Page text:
Social media has a role to play in this time of COVID-19. It's a great way to check in on family and friends, research the latest information and more. But some of that "more" can mean panic and misinformation. Social medial can fan the flames of panic and present the soothing calm on most cultural phenomena.

So who is the guy who says he's the doc of social media?  Kevin?  KevinMD, social media's leading physician's voice, is the title on the Facebook page. Wikipedia says "Kevin" is Kevin Pho, an American physician of internal medicine, media commentator, public speaker, author, and founder and editor of KevinMD.com, a website aimed at medical professionals.

Kevin MD has some pretty reasonable explanations and advice on dealing with the coronavirus.

From the website this very understandable explanation of the risk to our overall medial system:

What we as physicians are most concerned about is systemic risk. Complex systems, such as our health care system, function because all the moving pieces fit together and interact with one another in such a way that the system functions under normal loads, lower than normal loads, and slightly higher than normal loads but may break down under the very high loads we anticipate with COVID-19. We have watched in horror at what is taking place in Italy where their health care system is failing. The health care system was overwhelmed by a flood of people requiring critical medical care, all arriving too close together in time. Italy does not have enough ICU beds, ventilators (mechanical breathing machines), and medications to manage all the patients that needed it. Physicians in Italy are judging who gets an ICU bed and critical care and who does not because there is not enough supply to take care of everyone. We do not want to see this happen here. This should be very clear:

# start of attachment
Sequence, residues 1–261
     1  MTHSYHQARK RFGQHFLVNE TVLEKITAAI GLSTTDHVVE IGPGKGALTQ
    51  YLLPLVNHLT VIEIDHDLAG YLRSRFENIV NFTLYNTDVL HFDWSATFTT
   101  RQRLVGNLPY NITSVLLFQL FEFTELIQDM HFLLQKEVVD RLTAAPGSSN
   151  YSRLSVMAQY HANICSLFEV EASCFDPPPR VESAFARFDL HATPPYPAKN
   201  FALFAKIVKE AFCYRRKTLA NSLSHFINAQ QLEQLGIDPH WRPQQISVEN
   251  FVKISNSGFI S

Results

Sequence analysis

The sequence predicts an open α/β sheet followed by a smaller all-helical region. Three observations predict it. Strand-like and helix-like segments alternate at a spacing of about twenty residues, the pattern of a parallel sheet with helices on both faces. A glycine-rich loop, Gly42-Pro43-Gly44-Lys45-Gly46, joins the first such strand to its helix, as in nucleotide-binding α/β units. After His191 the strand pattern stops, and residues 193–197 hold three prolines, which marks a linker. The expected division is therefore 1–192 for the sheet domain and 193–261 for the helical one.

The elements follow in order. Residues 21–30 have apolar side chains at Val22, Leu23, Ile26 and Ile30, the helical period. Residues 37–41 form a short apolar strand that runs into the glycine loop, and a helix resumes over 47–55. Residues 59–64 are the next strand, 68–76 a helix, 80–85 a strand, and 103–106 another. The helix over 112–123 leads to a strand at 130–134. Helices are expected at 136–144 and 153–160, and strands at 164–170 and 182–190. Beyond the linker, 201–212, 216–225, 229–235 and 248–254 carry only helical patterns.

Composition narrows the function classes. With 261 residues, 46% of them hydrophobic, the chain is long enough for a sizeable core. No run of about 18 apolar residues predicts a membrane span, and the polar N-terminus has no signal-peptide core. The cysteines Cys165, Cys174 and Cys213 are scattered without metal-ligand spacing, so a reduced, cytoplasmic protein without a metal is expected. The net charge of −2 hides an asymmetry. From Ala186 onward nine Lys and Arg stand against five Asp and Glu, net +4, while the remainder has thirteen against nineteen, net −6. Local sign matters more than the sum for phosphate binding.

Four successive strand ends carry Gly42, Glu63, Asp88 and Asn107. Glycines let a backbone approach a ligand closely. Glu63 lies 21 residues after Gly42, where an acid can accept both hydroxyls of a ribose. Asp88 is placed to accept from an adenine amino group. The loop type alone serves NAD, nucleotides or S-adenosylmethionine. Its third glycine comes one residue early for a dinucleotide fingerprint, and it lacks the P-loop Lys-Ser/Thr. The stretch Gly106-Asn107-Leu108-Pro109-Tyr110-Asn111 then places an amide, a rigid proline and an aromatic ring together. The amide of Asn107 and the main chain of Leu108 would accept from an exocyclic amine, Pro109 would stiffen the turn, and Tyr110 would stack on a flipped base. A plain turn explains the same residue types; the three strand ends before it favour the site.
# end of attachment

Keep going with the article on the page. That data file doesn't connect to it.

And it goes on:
This will happen here, and it will happen soon – possibly in one to two weeks – if we do not take very bold steps at this time.

In Dave-the-radio-guy terms: We can't handle a stampede of everyone getting sick at the same time, which is likely because of the highly contagious nature of the coronavirus.  While flu season stretches out over a few months and allows limited sick beds to  be cleared before the next sick person comes in, the concern with COVID-19 is that overwhelming numbers will all get sick at the same time and multiple patients will need the only few available beds, crashing the medical system. So rather than deal with the triage and fallout from that, decisions are being made that will crush the economy as we willingly and forcibly separate from each other.

Now consider this from the Grim Reaper: Is it possible we will crush our economy in an effort to save our octogenarians, who will then subsequently pass on of natural causes in a couple of years, long before the recovery of the national economy?  (Which is us, jobs, activities, opportunities.)